History of the Christmas Tree & Traditions That Followed

It’s that time of year again when your yard is probably looking just white and brown. In the winter season, greenery keeps going thanks to coniferous and evergreen trees. As professional tree arborists, we know just the kind of trees that are being decorated and displayed for the holidays. What many don’t know, is why we started doing that in the first place.

The Origins

While the holidays often hold a religious and loving importance to people, evergreen plants have always represented health, life, and even held spiritual importance. Plants alive in winter were also hopeful reminders that crops and warmer weather were still around the corner.

Every ancient culture would hang garlands in winter, especially to celebrate the solstice. Different religions used trees or wooden structures with pine branches attached. It wasn’t just conifers and evergreens. The practice of bringing trees into your home for winter started with fruit trees that you wanted to keep year-round like cherry trees.

It’s hard to say who started to bring in pines that we know as Christmas trees today. We do know that Germany is credited to be the first country to use candles and wires. They would hang edible decorations like cookies and apples, too!

The Start of Official Christmas Trees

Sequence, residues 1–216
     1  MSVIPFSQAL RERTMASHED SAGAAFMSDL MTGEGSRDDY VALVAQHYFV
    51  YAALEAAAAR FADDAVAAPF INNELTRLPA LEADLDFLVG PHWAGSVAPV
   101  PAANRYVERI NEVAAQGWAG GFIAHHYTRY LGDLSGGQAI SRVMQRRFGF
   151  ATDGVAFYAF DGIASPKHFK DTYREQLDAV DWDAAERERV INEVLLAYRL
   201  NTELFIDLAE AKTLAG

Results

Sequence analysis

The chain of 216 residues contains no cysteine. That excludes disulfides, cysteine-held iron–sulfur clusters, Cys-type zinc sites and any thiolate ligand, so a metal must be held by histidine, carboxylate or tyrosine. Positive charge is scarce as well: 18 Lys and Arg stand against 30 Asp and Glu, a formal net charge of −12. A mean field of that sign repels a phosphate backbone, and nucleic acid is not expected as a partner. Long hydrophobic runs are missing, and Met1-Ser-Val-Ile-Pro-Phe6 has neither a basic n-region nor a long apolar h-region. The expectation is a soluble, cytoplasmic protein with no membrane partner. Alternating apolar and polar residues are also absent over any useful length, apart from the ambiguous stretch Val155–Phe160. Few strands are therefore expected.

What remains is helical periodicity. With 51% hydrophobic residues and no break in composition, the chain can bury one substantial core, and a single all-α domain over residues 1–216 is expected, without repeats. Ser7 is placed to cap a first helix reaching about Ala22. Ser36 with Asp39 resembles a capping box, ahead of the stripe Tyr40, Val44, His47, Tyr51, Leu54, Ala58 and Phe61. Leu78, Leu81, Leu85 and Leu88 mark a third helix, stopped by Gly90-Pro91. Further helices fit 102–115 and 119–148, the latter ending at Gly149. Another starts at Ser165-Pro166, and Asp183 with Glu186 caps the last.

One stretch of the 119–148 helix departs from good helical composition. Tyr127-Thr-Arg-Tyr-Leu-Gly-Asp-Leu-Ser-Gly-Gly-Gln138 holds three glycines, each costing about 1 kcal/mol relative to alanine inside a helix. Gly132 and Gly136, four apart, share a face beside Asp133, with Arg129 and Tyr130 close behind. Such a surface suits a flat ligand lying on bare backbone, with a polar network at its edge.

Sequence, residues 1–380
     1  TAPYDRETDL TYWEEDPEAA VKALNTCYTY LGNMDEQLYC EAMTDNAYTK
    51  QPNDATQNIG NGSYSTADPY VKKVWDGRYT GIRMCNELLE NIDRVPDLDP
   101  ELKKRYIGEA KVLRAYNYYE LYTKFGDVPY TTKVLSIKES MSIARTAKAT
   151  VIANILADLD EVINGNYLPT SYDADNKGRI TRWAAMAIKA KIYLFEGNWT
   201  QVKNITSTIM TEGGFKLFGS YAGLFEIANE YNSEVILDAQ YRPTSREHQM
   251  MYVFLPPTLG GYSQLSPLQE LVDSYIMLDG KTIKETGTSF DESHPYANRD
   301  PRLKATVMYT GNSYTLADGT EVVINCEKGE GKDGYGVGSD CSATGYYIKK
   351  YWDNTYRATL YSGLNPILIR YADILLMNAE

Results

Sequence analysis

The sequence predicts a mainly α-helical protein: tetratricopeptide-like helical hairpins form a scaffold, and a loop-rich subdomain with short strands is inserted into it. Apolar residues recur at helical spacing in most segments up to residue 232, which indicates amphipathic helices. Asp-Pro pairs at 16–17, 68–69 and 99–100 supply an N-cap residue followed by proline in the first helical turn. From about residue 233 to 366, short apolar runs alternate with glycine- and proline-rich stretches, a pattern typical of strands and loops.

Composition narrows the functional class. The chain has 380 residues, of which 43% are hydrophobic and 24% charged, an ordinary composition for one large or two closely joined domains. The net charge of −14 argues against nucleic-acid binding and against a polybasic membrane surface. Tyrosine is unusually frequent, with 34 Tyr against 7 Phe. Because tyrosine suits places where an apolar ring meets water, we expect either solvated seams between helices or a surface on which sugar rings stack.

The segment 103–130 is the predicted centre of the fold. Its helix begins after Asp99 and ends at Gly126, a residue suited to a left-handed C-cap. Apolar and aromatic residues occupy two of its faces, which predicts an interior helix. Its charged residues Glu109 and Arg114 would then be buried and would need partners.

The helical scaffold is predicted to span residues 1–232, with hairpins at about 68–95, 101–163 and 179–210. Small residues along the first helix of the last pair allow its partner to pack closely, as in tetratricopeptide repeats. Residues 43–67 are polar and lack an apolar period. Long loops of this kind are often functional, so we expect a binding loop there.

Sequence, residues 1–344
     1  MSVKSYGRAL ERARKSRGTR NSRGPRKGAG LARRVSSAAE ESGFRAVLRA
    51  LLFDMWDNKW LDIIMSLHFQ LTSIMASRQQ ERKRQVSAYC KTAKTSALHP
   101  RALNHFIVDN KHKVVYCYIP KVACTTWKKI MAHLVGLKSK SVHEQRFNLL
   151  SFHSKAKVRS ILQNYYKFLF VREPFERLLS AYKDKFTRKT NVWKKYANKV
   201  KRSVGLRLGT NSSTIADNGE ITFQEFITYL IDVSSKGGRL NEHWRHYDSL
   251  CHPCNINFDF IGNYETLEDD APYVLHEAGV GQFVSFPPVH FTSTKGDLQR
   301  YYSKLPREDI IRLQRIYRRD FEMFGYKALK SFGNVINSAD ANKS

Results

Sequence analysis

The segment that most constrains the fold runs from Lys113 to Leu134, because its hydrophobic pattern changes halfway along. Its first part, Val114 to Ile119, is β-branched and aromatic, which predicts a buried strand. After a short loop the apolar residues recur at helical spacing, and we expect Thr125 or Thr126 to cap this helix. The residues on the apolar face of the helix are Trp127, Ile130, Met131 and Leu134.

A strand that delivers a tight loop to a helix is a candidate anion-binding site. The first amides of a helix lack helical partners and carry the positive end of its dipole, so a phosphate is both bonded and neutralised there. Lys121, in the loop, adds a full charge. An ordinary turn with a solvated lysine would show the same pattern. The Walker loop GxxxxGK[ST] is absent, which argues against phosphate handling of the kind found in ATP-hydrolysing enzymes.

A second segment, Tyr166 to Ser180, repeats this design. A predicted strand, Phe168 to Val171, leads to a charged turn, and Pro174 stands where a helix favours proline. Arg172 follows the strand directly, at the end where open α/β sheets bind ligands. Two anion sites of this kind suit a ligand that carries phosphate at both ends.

Pennsylvania, full of healthy forests at every mile, is supposedly the birth place of America’s Christmas tree tradition thanks to Germanic settlers in the 1800’s. Once the tree tradition really took off in Great Britain and America, it wasn’t stopping.

Different types of Spruces and Firs are being grown just for holiday decorating every year. Our personal favorite is the classic Douglas Fir for their softer needles and blue-green color. It became popular in the 1920’s.

When electricity became mainstream, string lights were almost immediately made for holiday decorating. Not only was it less of a fire risk, but colored glass made it all the more magical to look at. Germany again is credited with inventing tinsel from actual silver beaten into thin strips. Now decorations come in hundreds of colors, themes, and materials.

The first replacements for real trees during the holidays started with bird feathers. While fake trees are used all the time, nothing beats the aroma and look of an evergreen in your home for the holidays. From everyone at Paul Bunyan, Inc., we wish you a safe and happy holiday season!

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